eye-catching assortment of ideas and Constantine High treats that are holiday-spirited and School is located at 1 offered by both local and area busiFalcon Dr., Constantine. nesses in the community. This facility is Expo booths will be open for barrier -free and offers browsing from 11:30 am to 2pm. free, barrier-free parkAt 2pm, grab a FREE seat in the ing. LGI room—off the main hall - and For more information, treat yourself to a special, “Happy or to reserve your own Holidays” LIVE cooking show vendor space, please call hosted by locally known food colum- (269) 435-8940. nist and Food Channel contributor, *=Winners of all CookLaura Kurella.    ing Show prizes must    Filled with 60-minutes worth of be present in LGI room food fun, samples, prizes and giveto win. aways—including a special GRAND PRIZE*, this event is sure to put Example: Military Items from 1700-1945 - Swords, more HAPPY inHelmets, your Holidays!

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ing eggplant slices in flour then dip into egg mixture, making sure to coat both sides then dip into bread crumb mixture, making sure to coat both sides. In a large skillet over medium heat, add about 1/3 cup of the oil. Once hot, add enough breaded eggplant slices to comfortably fit in bottom of pan without crowding. Fry on both sides until golden brown then remove from pan and let rest on a paper towel or cookie rack to drain excess oil. Cook remaining eggplant slices, adding extra oil if needed. Once all eggplant slices are fried, preheat oven to 350 degrees. Using a 9 by 13-inch baking dish or large cast iron skillet, spoon about 1/4 of the marinara sauce on the bottom then top with a layer of the fried eggplant slices. Top eggplant with about 1/3 of the mozzarella then sprinkle with about 1/4 of the Parmesan and fontina cheeses over it. Top with a layer of torn basil leaves then spoon some sauce over it and repeat the layering process until you run out of eggplant. Once assembled, carefully press the layers down firmly into the dish and finish by topping dish with any remaining sauce, basil and cheese. Place in the top part of the oven and cook until the cheese melts and is bubbly - about 35 to 40 minutes. For extra browning, put the dish under the broiler for a minute or two just before serving to get an extra brown cheesy top. Serve with extra fresh basil on top, if desired.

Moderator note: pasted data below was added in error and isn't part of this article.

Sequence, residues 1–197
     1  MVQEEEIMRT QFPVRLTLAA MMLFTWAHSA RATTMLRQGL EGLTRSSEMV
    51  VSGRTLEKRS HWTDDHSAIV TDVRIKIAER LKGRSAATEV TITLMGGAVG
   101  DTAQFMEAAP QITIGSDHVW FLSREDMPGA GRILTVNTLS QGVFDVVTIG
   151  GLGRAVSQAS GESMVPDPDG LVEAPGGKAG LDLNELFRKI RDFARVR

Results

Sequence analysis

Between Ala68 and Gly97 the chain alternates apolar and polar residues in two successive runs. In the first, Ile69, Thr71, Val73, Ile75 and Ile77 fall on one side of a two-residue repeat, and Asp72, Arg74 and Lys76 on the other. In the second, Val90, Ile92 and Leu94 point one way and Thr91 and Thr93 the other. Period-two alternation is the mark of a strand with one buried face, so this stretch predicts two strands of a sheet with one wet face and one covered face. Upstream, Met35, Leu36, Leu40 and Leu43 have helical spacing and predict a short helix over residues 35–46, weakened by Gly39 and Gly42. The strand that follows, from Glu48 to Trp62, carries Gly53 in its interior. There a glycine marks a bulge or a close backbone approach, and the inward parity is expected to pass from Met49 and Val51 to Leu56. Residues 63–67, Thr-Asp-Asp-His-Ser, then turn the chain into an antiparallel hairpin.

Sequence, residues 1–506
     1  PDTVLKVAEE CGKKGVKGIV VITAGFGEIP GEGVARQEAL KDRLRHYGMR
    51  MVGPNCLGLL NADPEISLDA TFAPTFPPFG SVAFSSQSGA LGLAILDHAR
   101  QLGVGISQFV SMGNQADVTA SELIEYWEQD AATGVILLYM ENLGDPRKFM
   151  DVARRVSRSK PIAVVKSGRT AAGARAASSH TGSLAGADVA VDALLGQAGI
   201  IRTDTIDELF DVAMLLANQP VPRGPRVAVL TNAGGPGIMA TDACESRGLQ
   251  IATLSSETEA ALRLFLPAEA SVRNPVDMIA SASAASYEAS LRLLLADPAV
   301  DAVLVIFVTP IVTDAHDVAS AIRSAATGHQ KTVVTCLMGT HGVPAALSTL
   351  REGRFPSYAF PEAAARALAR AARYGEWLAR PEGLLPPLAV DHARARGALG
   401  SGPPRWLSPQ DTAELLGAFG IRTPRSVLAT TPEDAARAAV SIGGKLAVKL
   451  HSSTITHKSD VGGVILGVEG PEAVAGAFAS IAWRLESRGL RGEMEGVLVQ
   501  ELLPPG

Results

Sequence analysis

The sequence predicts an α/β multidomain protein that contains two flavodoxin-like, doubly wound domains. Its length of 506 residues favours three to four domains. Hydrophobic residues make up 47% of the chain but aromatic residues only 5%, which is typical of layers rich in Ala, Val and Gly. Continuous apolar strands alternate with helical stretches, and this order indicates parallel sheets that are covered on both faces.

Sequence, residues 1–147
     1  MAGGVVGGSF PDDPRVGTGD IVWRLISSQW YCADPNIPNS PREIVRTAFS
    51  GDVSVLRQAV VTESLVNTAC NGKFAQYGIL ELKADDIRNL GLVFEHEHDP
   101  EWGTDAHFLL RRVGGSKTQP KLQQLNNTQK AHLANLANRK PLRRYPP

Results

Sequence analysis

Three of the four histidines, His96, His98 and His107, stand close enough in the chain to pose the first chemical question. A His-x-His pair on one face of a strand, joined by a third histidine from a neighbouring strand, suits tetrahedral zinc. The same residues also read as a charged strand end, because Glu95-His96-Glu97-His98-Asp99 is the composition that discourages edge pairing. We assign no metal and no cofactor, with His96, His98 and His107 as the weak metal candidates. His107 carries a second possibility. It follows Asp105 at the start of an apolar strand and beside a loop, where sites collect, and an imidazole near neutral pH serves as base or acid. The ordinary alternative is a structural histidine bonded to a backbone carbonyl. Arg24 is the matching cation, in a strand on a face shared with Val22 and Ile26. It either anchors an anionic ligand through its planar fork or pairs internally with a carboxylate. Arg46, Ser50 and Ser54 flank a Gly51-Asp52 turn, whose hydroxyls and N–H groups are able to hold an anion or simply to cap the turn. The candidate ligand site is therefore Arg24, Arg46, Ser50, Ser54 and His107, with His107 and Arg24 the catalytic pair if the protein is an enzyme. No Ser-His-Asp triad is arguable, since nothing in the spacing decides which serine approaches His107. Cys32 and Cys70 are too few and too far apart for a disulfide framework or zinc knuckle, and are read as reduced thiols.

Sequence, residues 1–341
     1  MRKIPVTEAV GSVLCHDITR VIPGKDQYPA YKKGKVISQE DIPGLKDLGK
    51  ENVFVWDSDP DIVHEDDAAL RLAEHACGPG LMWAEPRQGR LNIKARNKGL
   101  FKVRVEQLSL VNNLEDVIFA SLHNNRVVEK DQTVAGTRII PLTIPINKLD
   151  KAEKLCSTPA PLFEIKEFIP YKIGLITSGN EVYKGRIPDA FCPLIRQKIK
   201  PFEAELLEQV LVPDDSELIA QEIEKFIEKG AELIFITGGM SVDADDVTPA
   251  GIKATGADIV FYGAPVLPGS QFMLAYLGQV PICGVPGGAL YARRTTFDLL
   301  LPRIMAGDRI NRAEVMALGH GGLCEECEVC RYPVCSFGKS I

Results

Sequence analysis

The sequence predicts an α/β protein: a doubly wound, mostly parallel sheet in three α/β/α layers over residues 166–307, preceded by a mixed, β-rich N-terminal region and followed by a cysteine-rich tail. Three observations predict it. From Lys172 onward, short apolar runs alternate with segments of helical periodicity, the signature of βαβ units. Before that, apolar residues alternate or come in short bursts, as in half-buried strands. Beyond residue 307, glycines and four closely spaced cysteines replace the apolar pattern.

October 2019


reduce.reuse.recycle The United States wasn’t the only country doing so; roughly 70% of the world’s plastic was being shipped to China (1). Now, China has put its foot down and refuses to accept the world’s recyclables (if you would like to know

I am a strong believer in recycling, as you would know if you have read some of my previous articles. In one specific article, I discussed how the “reduce, reuse, recycle” mantra is actually a hierarchy, with recycling as the last resort. I still believe recycling is an important part of the larger sustainable whole. However, my faith in recycling has been shaken. NPR recently released some stories on how recycling in the United States is changing. It turns out that much of the plastic that we would throw into curbside recycling bins was ending up on cargo ships to China.